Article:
As spring draw nears and hope springs eternal in the start of a new baseball season (yes, even the Mets), the biggest news of the offseason had nothing to do with any on-the-field talent, or even the All-Star Executive team the Mets brought in.
Fred Wilpon announced that as much as a quarter of the franchise is up for sale.
The initial reaction to the news at this early stage should not be one of fear, hope, anger, despair, or giddiness. It’s curiosity and cynicism.
Fred and Jeff Wilpon are a bit of an oddity in New York owners. They do care about the team and winning. They have spent on the team, having a top 5 payroll for much of the past decade. Yet, with the possible exception of the Islanders there is no NY fan base that dislikes the owner more than Mets fans. Knicks fans dislike Dolan, but that is primarily because he has too much loyalty to his GMs (Glen Sather & Isiah Thomas).
The Mets fans hate the Wilpons because they do not trust the Wilpons. Probably stemming from reports that Nelson Doubleday pushed for the Mike Piazza trade, but subsequent decisions have helped to widen the divide. Whether it be poor quotes on the vision of the team, like the infamous “meaningful games in September” or coddling to the commissioners draft pick slotting system, to not being quick enough to getting accountability from his constituents.
The biggest issue likely is that there is a perception that the Wilpons do not respect the history of the club. The 1986 team was ignored for much of the early part of the decade, and it was not until more recently that former Mets have had positions within the organization, which now includes former Mets Keith Hernandez and Ron Darling on commentary, and Tim Teufel, Wally Backman, Mookie Wilson, Frank Viola among others in the coaching ranks. The trust in the team evaporated for many fans with the opening of Citifield. While some fans were unhappy with certain hard-to-see spots, most fans applauded the new stadium for being more comfortable, more accessible, and more fun than the well-loved-but-much-maligned Shea Stadium.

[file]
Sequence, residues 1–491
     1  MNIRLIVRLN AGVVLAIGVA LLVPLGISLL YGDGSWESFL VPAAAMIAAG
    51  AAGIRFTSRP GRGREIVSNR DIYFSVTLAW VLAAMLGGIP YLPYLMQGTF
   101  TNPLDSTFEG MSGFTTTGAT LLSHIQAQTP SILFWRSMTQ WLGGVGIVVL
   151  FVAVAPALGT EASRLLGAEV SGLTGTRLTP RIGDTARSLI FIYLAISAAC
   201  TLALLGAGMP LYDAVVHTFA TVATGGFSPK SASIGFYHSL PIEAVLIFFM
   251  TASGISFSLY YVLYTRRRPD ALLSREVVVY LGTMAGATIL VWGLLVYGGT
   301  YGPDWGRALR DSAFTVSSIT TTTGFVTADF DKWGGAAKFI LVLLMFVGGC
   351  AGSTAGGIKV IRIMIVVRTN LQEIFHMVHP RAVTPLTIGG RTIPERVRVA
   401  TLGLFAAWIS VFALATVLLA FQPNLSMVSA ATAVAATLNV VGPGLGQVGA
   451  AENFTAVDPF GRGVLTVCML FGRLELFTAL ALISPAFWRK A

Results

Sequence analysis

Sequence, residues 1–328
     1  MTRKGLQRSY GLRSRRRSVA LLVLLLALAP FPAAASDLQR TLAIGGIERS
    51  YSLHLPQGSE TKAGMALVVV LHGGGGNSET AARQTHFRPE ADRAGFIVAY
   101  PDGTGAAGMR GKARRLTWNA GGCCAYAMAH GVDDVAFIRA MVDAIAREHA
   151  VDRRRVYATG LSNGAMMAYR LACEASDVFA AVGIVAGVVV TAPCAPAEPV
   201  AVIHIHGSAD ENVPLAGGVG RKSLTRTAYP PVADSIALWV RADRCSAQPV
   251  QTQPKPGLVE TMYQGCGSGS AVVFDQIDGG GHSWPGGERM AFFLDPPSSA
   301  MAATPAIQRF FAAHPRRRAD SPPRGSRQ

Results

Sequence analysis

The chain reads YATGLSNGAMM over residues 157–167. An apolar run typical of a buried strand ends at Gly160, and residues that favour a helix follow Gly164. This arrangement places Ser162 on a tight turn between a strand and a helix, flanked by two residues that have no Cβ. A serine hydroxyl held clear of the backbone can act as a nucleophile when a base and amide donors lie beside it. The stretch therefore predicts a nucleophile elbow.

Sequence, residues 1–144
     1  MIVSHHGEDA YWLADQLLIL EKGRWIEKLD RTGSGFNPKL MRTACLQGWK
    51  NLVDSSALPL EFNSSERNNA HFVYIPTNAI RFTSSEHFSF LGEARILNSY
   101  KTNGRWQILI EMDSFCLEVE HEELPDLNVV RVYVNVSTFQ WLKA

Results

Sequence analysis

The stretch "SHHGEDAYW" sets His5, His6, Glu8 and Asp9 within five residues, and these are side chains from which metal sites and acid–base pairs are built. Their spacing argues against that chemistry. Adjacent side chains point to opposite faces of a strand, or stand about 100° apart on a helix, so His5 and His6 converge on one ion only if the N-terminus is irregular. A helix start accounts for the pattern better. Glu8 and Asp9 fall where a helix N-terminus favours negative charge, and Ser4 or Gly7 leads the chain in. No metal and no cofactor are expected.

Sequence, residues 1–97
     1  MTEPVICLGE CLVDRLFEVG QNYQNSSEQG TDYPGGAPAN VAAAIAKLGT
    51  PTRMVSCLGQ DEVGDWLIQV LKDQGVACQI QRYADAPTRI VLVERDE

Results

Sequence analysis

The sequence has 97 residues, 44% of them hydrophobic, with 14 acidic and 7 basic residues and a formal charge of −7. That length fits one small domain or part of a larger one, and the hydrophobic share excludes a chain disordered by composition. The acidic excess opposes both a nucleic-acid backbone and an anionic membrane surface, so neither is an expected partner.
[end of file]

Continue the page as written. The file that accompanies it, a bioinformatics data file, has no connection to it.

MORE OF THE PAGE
However, the opening lacked Mets memories. The banners were moved to one side almost like an afterthought, and the Jackie Robinson Rotunda, while beautiful and worthy symbol of the civil rights legend, became a constant reminder that while the Wilpons owned the Mets, what they wanted was the Brooklyn Dodgers.
Since the news broke I have avoided the Sports Pages and sports talk on the subject, instead choosing to focus on articles from economic sources like the AP, CNBC, and the Wall Street Journal. I would recommend you read Darren Rovell’s piece from Monday on why this is likely the end of the Wilpons run. I recommend you do the same as the sports pages will likely sensationalize the story for all its worth.
I do not have an MBA like KinersKorner member Coop does, but based on the above article and owner I believe they will not find an owner that will meet the terms the Wilpons announced in the press conference. They opened a new stadium. They have a network. There is no new source of incoming revenue. They are asking a new owner to come in and keep the status quo. What return on the investment can a new owner make when they have no decision making power, and no significant changes will be made to the infrastructure? Even if they won championships starting in 2011 it will not be enough.
Until we know more about the Wilpons’ current financial date, and trust me you’lll be hearing the date of February 9th ad nauseum until then, there is no way to know that they MUST get a large inflow of revenue. If they do, then the end is coming. It’s not something to be excited or afraid of, cause we don’t know how long it will be, or whether if someone new came in they’d be any better.
Until then as a fan, I really don’t care as long as the Mets win on the field. Just a few more weeks, then We Gotta Believe Again!
Posted by Robert Z